Transport, Welfare and Externalities
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Transport, Welfare and Externalities

Replacing the Polluter Pays Principle with the Cheapest Cost Avoider Principle

Dieter Schmidtchen, Christian Koboldt, Jenny Helstroffer, Birgit Will, Georg Haas and Stefan Witte

This book discusses a paradigm shift for dealing with the internalization of external costs in transport. Crucial to the analysis is the insight that the polluters are not the only cost drivers; both pollutees and the state can also contribute to reducing social costs. The authors show that applying the Cheapest Cost Avoider Principle (CCAP) instead of the Polluter Pays Principle (PPP) can lead to substantial welfare improvements.
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Chapter 9: Conclusions

Dieter Schmidtchen, Christian Koboldt, Jenny Helstroffer, Birgit Will, Georg Haas and Stefan Witte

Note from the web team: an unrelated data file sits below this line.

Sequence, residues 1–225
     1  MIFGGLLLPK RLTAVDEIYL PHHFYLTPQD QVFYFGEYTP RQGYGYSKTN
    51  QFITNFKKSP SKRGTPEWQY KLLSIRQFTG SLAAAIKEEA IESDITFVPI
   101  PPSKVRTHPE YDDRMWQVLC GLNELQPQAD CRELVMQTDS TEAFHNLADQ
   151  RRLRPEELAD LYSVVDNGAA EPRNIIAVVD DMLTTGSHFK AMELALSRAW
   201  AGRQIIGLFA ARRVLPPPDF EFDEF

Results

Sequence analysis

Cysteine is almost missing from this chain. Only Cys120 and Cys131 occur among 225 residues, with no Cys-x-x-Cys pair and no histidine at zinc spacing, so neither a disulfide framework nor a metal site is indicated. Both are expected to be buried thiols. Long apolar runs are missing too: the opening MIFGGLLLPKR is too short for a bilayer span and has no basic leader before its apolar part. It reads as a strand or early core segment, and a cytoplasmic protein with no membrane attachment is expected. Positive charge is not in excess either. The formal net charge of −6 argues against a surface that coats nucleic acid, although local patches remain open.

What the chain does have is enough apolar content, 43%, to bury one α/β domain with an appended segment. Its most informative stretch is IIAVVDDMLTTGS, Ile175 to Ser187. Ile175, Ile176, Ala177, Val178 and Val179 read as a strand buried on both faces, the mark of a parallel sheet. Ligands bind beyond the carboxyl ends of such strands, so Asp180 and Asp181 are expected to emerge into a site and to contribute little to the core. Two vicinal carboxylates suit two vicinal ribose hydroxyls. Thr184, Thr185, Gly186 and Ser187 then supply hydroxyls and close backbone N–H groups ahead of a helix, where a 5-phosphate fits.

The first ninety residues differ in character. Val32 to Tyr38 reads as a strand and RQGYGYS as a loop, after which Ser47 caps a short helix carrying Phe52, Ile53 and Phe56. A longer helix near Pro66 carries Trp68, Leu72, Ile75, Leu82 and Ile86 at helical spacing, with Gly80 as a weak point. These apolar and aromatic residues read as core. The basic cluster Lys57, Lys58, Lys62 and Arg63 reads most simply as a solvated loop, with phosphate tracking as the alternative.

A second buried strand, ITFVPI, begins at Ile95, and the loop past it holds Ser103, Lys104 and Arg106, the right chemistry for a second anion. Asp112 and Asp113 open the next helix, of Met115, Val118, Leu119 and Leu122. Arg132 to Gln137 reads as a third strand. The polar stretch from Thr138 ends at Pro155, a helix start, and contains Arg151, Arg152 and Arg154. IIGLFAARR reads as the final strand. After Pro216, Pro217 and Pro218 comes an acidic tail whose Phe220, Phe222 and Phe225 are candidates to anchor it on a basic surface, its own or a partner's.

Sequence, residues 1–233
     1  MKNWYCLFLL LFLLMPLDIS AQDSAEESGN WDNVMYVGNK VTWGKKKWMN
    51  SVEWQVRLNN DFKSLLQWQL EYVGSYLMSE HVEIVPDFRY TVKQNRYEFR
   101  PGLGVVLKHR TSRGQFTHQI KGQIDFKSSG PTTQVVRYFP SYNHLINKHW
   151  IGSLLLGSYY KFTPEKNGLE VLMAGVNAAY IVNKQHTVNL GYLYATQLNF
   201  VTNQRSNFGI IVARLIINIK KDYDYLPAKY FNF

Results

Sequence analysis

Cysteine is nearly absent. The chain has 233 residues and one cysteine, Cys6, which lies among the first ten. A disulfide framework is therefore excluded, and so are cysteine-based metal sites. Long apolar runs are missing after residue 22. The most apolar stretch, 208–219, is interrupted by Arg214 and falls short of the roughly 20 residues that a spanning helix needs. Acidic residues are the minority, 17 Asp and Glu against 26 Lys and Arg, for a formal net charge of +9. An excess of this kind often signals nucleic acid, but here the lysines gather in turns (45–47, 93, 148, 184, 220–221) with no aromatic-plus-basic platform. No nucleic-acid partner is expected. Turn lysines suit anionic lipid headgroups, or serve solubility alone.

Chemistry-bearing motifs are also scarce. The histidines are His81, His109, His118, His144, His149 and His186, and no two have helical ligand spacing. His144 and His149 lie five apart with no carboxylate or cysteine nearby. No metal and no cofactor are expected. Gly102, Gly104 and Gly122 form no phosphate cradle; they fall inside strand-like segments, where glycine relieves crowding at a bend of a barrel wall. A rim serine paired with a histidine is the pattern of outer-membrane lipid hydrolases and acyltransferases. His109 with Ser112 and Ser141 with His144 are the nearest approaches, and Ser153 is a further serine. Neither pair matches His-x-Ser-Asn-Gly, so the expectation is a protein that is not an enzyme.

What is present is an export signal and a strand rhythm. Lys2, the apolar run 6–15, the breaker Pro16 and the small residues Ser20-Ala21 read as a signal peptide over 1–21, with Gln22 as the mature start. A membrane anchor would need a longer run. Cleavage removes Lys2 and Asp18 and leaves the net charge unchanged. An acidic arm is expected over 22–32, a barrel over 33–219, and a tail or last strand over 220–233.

This book develops the theoretical foundations for the CCAP, which is superior to the PPP both methodologically and practically, in identifying the most appropriate policy for dealing with so-called external effects. We advance the thesis that environmental policy should be evaluated in the light of the principle of wealth maximization. Wealth maximization is found to be a good proxy to achieve maximal social welfare. Properly interpreted, it not only reflects people’s concerns about the size of GDP, but also their concerns about the distribution of income as well as environmental issues. The idea that there is inevitably a trade-off between efficiency and equality is incorrect: more wealth always makes it possible to distribute more income. Public policy should resist striving for distributional goals by using tools which can be inherently detrimental to wealth maximization, such as the PPP. Rather, it should rely on direct measures, that is, income tax and subsidy schemes. A comparison of the PPP with the CCAP from the viewpoint of wealth maximization clearly favors the latter. Whereas the CCAP can guarantee efficiency, the PPP as it is commonly understood and put into practice cannot. This result cannot be overstated. It receives an additional dimension from what can be called the ethics of wealth maximization: in a world struggling with the problem of scarcity, avoiding waste can be considered as a moral imperative. The cheapest cost avoider approach takes into account the fact that external costs are always the result of conflicting interests in the use of...

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